Friday, January 27, 2006

Crepes With Butter and Sugar, With Chocolate, With...

Oh, dear. I was hoping I could keep this from going public, but the revelation seems to be inevitable: I have a Problem. To be specific, I have a Crepe Problem. I used to be able to keep this in line by living so very far away from France, so far the only real source for my addiction. But something very bad has happened. I found a recipe. And even worse, I seem to be not-so-bad at making the little devils.

I started out using a wonderful Calphalon non-stick griddle that was a wedding gift. The non-stickiness of it made the flipping and whatnot a breeze, but the wide open squareness of the surface made for some very wobbly, ugly crepes. However, due to my Problem, I took no umbrance with wolfing these hideous reject crepes down as soon as they slid off the griddle. When I fist got started, all I wanted was butter and sugar crepes (beurre et sucre if you want to order from the source). The Mr. quickly took me to the dark side, suggesting bittersweet chocolate, then chocolate and banana. If you've never had a hot, fresh crepe dripping with silky chocolate, well...you probably shouldn't or you will end up like me. And it is a sad state, indeed.

I never knew crepes were so simple! Well, that's not true, I knew the recipe was simple, but I never dreamed they were the kind of things I could turn out within an hour whenever the craving hit me.

Last weekend, Mr. Canada and I happily spent some wedding store credit and a generous gift card at a local department store and Williams-Sonoma, respectively. One of the things we picked up (and honestly one of the last things I felt the kitchen tool kit was lacking), was an 8" nonstick omelette pan. Little did I know, this teeny little pan was only going to fuel my Problem. Tonight, after a lovely dinner with my father, sister, and her boyfriend (the gift certificate dinner was waylaid by Mr. C's late night of work), I came home with that dangerous look in my eye. "Crepes," I thought. That was literally all that I thought. Sad, isn't it?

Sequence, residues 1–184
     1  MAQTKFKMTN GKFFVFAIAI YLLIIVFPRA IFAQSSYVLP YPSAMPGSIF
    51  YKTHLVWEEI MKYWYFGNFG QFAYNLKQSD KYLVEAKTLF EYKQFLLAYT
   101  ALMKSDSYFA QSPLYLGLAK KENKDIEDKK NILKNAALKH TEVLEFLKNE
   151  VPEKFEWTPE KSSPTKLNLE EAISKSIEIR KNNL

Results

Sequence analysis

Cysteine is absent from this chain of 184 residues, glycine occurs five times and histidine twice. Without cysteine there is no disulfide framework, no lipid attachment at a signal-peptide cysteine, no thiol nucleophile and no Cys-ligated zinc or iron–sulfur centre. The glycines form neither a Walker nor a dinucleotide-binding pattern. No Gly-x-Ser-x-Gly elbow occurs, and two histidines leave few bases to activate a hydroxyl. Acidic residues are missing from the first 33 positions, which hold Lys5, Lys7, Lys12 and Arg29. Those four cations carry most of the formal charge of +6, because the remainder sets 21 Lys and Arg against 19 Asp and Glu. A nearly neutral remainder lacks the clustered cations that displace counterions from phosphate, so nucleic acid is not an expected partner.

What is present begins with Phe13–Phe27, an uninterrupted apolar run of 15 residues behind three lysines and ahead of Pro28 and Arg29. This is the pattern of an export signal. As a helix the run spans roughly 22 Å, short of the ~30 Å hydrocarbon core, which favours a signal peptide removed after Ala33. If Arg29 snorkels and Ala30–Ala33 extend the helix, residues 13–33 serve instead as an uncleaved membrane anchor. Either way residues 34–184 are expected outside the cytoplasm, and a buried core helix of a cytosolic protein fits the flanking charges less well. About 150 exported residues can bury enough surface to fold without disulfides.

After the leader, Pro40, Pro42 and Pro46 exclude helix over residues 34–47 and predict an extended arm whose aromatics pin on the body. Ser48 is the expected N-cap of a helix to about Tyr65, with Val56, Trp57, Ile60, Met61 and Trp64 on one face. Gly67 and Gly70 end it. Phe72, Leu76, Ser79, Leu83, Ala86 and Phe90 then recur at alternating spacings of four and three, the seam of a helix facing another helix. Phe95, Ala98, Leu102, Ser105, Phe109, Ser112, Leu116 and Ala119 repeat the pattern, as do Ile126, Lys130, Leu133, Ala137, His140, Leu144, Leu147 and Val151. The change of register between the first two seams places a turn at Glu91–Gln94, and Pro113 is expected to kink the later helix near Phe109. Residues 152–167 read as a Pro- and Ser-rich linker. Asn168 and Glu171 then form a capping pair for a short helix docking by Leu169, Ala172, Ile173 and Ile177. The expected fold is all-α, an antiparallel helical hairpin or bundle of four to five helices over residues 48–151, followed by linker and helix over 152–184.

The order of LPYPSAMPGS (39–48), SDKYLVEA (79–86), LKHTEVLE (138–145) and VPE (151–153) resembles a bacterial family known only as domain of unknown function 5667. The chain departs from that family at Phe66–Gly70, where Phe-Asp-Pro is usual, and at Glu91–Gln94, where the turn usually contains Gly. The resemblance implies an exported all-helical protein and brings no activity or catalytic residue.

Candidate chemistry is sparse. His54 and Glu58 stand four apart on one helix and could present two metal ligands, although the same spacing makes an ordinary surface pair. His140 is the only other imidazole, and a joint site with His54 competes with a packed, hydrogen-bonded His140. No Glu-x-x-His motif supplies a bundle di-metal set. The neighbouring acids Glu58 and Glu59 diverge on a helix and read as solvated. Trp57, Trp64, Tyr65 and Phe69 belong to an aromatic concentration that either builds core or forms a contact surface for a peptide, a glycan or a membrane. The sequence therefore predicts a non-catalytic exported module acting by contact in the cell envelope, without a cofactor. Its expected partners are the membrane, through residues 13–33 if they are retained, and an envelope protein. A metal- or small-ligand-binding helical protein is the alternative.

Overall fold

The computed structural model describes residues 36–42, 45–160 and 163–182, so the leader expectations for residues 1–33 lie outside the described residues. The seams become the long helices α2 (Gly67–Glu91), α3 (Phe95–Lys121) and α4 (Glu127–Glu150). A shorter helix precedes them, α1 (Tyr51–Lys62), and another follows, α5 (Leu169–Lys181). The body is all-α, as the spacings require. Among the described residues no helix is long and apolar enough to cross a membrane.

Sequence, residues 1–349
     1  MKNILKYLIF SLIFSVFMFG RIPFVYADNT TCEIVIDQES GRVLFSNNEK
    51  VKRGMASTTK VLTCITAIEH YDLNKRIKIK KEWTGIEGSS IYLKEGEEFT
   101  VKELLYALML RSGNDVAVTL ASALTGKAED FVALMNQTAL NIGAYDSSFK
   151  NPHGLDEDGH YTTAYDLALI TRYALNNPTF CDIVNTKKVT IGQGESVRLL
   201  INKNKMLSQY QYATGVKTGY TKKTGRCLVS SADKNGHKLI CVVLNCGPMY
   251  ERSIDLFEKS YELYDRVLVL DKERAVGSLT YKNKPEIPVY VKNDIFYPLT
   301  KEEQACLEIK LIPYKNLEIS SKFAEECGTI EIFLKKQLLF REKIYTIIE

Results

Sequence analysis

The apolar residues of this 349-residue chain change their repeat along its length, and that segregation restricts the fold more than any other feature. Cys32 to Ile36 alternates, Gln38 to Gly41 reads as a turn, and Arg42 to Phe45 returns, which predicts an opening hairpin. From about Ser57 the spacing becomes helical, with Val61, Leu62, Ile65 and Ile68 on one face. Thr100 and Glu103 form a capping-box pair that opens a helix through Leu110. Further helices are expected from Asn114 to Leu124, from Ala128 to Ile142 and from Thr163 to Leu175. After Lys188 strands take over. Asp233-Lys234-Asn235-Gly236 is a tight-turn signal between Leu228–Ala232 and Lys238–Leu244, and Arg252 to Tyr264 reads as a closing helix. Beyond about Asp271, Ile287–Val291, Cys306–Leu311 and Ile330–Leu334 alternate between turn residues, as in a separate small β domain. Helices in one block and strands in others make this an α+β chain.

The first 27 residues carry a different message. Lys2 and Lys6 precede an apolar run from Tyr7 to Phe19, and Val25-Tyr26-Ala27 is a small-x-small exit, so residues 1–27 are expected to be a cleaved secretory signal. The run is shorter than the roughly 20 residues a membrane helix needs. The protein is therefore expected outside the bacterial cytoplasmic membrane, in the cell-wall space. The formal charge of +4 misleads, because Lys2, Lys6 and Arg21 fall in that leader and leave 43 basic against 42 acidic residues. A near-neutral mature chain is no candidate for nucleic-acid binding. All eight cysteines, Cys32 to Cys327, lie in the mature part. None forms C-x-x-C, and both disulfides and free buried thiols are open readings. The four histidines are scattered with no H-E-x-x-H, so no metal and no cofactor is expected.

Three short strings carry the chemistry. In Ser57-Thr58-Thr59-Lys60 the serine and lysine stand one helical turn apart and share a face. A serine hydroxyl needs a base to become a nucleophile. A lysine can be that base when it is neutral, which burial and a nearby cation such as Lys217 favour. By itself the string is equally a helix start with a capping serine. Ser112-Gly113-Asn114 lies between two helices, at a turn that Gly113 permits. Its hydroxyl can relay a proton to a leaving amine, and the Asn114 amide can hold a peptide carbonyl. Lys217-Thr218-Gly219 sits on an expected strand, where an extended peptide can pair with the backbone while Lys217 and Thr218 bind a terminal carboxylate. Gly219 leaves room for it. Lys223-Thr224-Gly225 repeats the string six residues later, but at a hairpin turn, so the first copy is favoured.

I whipped up the batter first off, because it needs to sit for at least 40 minutes to allow the ingredients to meld completely. While I was (patiently, I promise) waiting, I was thinking about my plan of attack. Would I use the griddle, which made delicious crepes that were decidedly not round, or...I wonder if the wee omelette pan would work? Since you really shouldn't machine wash nonstick pans, I decided having a smaller pan to wash was enough of a reason to try it out.

And, oh it worked so well. For the first time, I was making the prettiest, tastiest, ROUND crepes that had ever left my kitchen. Maybe it was one too many glasses of wine, maybe it was hormones, but it nearly brought a tear to my eye. Nearly, I said nearly. Let's not get overemotional here.

So, I pass on to you, with this story of personal triumph, the crepe recipe that I have found best for me. There are a million recipes out there with less egg, more flour, more butter, whatever, but this is perfect for my obsessive palate.

Basic Crepe Recipe
makes 14-16 small crepes

4 eggs
1 cup flour
1/2 cup milk
1/2 cup water
1/2 tsp salt
2 Tbsp. melted butter

Dump all of the ingredients into a blender and mix for 30 seconds. Scrape down the sides and mix for 15 seconds more. Cover and let sit for 40 minutes to an hour.

Pulse once more before cooking the crepes up. Heat an 8 inch nonstick omelette pan over medium heat (or an omelette pan if you're high falutin", but then why are you reading my recipe?).